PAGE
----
Rajesh Chakrabarti, executive director of the Bharti Institute of Public Policy at the Indian School of Business (ISB), says that “financial inclusion can only go up, though it is hard to predict by how much and who will be the most suitable player on that front. Even if a new entrant is not a direct inclusion player, increased competition in the regular business among banks will force them to seek niches and, eventually, inclusion will increase.”

Kumar suggests that unbanked consumers are not the only place where banking can spread. “There is a space in India today — the emerging middle class — which is between the middle class and the financially excluded,” she says. “This is a space where most of the new bank license aspirants are already present (by way of different businesses). They have cracked the code of doing business in this segment. They understand this segment and its dynamics.”

In terms of game-changing potential, Kumar adds that this segment is where new banks can have a maximum impact. “This space is also a priority area for policy makers today, so new entrants eyeing this space are likely to find a supportive climate,” she notes. “If the new players can pull this off, it will change the banking landscape completely for the sub-middle class segment, similar to how ICICI changed the retail banking landscape for the middle class when it entered the sector.”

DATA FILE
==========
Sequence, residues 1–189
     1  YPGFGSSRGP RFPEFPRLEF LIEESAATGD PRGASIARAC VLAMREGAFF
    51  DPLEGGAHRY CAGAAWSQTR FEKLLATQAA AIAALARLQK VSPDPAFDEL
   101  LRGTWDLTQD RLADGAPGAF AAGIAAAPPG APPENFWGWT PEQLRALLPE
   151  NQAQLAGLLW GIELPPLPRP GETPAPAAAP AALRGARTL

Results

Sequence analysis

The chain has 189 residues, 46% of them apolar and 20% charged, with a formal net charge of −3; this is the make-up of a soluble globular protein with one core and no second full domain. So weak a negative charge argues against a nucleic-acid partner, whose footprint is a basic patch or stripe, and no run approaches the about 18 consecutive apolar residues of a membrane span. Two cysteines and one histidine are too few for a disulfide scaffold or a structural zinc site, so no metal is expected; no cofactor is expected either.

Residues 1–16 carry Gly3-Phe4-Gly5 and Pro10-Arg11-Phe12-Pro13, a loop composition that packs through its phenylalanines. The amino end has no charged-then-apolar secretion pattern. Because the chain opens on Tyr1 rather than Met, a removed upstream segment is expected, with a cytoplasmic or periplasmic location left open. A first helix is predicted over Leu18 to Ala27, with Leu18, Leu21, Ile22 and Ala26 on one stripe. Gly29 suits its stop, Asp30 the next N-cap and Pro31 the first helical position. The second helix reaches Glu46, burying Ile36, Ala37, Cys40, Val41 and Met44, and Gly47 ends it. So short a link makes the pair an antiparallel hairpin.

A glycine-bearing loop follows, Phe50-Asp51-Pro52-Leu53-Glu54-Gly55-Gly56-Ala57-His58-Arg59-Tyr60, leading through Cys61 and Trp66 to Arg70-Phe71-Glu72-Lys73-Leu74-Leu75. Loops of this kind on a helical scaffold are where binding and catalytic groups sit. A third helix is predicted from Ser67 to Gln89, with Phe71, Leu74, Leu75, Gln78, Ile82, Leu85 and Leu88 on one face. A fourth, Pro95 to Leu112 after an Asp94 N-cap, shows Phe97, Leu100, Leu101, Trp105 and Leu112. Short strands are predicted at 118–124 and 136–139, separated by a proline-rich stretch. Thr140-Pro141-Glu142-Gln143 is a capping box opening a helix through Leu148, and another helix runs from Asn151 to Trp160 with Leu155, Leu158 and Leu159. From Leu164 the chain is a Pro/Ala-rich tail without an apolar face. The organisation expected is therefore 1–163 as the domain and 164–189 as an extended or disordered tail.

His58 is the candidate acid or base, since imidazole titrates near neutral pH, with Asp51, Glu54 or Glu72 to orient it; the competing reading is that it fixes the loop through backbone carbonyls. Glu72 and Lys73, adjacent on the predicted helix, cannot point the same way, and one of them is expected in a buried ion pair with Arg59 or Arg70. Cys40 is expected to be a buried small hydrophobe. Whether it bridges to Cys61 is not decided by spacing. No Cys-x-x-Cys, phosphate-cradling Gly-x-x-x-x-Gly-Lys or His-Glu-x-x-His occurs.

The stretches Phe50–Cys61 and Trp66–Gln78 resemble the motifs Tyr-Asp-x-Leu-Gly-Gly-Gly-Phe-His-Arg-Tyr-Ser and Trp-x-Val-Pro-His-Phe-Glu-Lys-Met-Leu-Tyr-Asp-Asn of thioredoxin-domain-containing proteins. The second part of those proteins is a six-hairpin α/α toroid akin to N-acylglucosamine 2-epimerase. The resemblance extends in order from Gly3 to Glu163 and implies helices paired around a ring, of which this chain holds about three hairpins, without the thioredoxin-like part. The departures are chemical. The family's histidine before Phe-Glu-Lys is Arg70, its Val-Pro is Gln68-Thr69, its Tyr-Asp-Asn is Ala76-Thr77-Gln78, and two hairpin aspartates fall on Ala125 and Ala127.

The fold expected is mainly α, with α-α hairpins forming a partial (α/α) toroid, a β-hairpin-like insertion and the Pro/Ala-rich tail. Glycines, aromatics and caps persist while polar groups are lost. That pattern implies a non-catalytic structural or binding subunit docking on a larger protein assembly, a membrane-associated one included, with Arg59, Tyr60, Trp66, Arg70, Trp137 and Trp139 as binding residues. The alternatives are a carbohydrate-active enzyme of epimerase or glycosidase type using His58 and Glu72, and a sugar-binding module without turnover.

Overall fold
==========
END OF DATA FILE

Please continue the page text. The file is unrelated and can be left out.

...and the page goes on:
According to Chakrabarti, an expansion of the banking sector will likely be a mostly positive development. “New banking licenses are a good idea,” he says. “More players will create more competition and the net effect, I think, will be positive. It is possible that some new entrants or incumbents may not be able to survive the competition. But as long as they can exit through a takeover without hurting the depositors — and we can have enough faith on the RBI to ensure that — the effect will be mostly positive. The only conceivable downside can be a rush to the bottom for loan quality. But once again RBI’s monitoring of NPAs [non-performing assets] is likely to prevent that.”

“I do not anticipate any problems,” he continues. “RBI and Basel guidelines on capital adequacy will ensure that new entrants are solidly capitalized and our existing prudential norms give enough protection against lending to a single business conglomerate. So this will infuse greater competition in the sector and perhaps a little volatility. It may make life slightly more difficult for a few not-so-well-performing public sector banks. But on the whole, it will increase efficiency in the sector.”

But who are the new entrants likely to be? Given the RBI’s reluctance to issue licenses to big business houses, those firms may not make the cut this time. The frontrunners appear to be IDFC and L&T Finance, according to a report by Credit Suisse. The stock markets seem to agree. IDFC is now close to Rs. 180 (around US$3.29) against a 52-week low of Rs. 94 (US$1.72). L&T Finance has more than doubled to reach Rs. 95 (US$1.74).